Writer Kurt Busiek has always been known as a diverse writer of comics; while best known for his superhero work on Astro City and Marvels, he’s also done far separate work such as the sci-fi story Shockrockets, the medieval magic of Arrowsmith, and has worked on titles as far flung as Metal Hurlant and Mickey Mouse. But in his new upcoming series from Wildstorm, he’s going closer to home – sort of.
Announced last month at Comic-Con International: San Diego, Kurt Busiek’s American Gothic was described by the writer at Comic-Con as “a way of inventing an American mythology.” Described by some as a Twilight Zone-esque spin on contemporary stories, it takes the far-flung elements of American mythology and puts a cohesive state that his both human and supernatural.
For more, we talked by Busiek by e-mail about his new WildStorm series shortly after his return from San Diego.
Newsarama: Thanks for talking to us, Kurt. Let's get right to the point here - what can you tell us about American Gothic?
Kurt Busiek: It's a little tricky to describe. But then, the last two projects I did that were tricky to describe were Astro City and Marvels, so maybe it's in good company.
My publishers and editors would like me to say that what Astro City does for superheroes, American Gothic does for fantasy, which isn't completely accurate, but it's close, in a lot of ways. American Gothic is a wide-ranging series about magic and myth, set in America and dealing with American mythology as a setting, a context for a wide variety of stories. We’ll cover things from the story of a long haul trucker whose wife died when he was on the road, so he never had a chance to say goodbye, who finds himself driving her ghost on to her final reward; the story of a girl in an economically-depressed fishing town who discovers that the Norse god Thor is living in exile on a coastal island nearby; the story of some college students who accidentally resurrect Ninkasi, the Sumerian goddess of beer; the tale of a voodoo priest, called in to deal with the unquiet ghost of a murdered business; the story of a washed-up cooking-show host, whose quest for the perfect burger leads him out of the real world and into the borderlands of Hell, and more. Lots more.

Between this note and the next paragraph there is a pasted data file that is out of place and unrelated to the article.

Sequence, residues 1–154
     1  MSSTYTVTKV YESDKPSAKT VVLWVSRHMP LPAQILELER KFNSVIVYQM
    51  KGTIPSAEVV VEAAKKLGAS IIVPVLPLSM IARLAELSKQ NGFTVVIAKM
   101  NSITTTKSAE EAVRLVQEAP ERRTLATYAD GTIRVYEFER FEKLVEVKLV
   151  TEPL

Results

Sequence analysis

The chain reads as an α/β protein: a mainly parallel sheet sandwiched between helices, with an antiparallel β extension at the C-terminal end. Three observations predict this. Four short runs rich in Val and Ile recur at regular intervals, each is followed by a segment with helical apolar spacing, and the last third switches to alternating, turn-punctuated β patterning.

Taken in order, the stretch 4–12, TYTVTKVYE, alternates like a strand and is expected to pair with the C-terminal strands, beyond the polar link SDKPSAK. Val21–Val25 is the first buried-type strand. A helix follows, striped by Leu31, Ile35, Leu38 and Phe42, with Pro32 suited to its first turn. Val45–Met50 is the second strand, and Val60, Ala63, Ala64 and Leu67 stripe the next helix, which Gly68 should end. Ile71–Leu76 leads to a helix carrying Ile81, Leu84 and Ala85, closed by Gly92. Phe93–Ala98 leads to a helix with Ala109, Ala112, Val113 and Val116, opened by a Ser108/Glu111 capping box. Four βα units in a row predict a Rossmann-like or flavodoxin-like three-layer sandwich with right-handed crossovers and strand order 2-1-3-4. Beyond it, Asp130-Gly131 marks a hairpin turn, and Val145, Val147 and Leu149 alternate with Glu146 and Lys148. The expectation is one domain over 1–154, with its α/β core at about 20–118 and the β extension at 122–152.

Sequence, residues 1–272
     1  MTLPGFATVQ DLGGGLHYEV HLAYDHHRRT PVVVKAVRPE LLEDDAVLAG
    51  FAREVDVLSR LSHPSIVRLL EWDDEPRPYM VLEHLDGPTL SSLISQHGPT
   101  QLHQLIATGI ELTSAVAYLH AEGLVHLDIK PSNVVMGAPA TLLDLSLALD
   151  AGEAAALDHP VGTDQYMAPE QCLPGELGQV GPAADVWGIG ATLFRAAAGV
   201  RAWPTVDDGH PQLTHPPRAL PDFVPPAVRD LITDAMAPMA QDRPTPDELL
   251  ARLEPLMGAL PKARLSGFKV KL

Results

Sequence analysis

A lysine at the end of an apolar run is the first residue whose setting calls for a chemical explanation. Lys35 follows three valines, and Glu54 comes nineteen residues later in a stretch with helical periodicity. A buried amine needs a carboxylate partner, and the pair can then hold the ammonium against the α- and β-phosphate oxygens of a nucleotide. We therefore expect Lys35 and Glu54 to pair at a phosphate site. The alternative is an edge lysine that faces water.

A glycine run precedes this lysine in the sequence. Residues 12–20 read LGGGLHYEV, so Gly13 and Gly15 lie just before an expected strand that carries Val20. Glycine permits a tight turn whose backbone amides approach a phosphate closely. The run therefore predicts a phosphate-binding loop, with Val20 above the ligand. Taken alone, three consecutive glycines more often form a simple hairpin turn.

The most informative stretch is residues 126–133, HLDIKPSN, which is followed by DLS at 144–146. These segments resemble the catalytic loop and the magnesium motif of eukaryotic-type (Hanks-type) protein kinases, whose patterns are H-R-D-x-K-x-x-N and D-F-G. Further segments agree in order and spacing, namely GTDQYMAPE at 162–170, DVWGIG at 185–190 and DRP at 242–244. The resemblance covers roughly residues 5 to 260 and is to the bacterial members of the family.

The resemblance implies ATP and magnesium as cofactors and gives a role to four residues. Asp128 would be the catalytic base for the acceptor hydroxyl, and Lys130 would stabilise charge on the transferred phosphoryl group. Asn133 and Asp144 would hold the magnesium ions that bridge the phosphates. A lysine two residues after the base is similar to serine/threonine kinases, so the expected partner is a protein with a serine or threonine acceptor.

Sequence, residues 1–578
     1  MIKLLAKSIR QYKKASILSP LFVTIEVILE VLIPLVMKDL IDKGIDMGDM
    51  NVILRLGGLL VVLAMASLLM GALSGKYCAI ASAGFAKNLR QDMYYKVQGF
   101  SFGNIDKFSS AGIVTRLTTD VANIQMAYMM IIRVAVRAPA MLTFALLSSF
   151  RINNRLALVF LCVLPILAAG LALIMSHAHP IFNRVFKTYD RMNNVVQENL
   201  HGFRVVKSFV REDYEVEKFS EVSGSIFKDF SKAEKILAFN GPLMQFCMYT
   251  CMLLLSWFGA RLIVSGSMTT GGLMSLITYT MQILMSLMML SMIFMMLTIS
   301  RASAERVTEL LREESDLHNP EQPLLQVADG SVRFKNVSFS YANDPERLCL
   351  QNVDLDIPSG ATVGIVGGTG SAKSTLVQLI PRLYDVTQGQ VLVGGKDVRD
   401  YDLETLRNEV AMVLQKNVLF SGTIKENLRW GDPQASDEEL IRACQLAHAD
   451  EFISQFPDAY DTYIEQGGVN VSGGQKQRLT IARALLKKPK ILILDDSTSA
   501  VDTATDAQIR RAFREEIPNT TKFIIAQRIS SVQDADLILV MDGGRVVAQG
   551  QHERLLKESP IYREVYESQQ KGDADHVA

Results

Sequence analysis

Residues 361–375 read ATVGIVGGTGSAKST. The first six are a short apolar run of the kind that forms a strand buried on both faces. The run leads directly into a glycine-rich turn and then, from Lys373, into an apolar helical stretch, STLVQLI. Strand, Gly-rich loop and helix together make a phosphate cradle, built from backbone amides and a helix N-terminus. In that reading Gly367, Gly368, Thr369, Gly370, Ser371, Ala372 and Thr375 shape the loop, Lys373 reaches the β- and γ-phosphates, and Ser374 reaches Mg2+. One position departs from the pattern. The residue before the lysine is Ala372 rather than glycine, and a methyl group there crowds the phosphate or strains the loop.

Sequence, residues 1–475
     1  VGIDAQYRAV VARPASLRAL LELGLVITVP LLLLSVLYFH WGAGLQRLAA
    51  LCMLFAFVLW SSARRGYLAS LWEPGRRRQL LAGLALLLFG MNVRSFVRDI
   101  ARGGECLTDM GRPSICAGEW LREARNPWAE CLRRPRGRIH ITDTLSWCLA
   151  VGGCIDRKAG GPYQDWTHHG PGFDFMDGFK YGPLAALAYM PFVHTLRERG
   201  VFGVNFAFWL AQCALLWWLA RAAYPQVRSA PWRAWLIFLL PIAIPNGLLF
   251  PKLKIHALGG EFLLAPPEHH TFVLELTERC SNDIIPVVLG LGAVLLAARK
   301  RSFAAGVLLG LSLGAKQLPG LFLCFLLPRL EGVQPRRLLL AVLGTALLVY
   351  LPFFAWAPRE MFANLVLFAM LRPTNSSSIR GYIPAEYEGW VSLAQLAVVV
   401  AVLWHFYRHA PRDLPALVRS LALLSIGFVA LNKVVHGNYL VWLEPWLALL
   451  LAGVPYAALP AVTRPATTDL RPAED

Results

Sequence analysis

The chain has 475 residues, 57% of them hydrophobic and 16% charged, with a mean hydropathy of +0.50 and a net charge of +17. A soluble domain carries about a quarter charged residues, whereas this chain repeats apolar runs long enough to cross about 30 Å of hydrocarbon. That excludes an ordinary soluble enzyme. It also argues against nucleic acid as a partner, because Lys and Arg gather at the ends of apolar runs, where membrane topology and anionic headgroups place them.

It'll range from character stories about ordinary people caught up in magical events to exploring the secret occult history of the United States (and the world as well), and more. Like Astro City, it'll have recurring characters, but no single regular set of leads - the stories will focus on whoever we need to focus on, all as part of the same background and history, and with certain characters showing up as we need them.
It's a shadowy ramble into the parts of America that no one gets to see, full of unseen magic all around us, in settings that range from suburbia to the borderlands of reality. A mosaic of stories that link into a very big picture...
Nrama: At Comic-Con, you said it has a bit of a Twilight Zone/Outer Limits kind of thing. If you had to pigeonhole this into a genre (or two), what would you say about this?
Busiek: Actually, I didn't say that - that was in an Internet account of the panel, but it didn't come from me.
Nrama: Sorry about that. But continuing on, how would you describe this upcoming series?
Busiek: But from what I know of The Twilight Zone, it has something of that kind of flavor, if all the Twilight Zone stories fit together into one big mythology. Outer Limits I know next to nothing about, so I can't really judge.
Beyond that, I'd say it spills across multiple genres, but closely linked ones - it mixes urban fantasy, contemporary fantasy, dark fantasy/horror, historical fantasy/secret history... It's definitely fantasy, but fantasy of the "magic existing in familiar surroundings" school, not the secondary-world "magic in a whole new setting" style of, say, Lord of the Rings, Conan, or Narnia. Fantasy happening right here, from the deep lakes of Minnesota to the subway tunnels of Manhattan to the nooks and crannies of cyberspace.
Nrama: Comics fan that I am, I can't place who the artist is for this image you sent us. Who is it, and will they be working with you on the series itself?
Busiek: That piece was done by Connor Willumsen, whose work can be found at http://www.connorwillumsen.com . There's some wonderful comics work there, and that's what brought him to our attention. Tom Spurgeon of The Comics Reporter linked to Connor's site, at a time editor Scott Peterson and I were batting around names of potential American Gothic artists. I loved what I saw of Connor's comics work, and thought he had just what we were looking for - a great sense of mood, winning and accessible characters, a strong sense of design and dynamite storytelling. So I sent Scott to Connor's site, and he wound up making contact.
Connor will be drawing at least the first arc of the series, and I hope it won't stop there.
Nrama: Timeline wise, when do you expect the first issue of this to appear on shelves?
Busiek: It's a ways off at the moment; we're just getting started. We're expecting to have the series debut sometime next year, around the time Astro City resumes its ongoing monthly numbering. We ought to have plenty in the drawer by then, and no concerns about tight schedules.
Nrama: Will this be an ongoing?
Busiek: It will be indeed. I've got about six years' worth of it loosely outlined, so I'm hoping it lasts a good long time.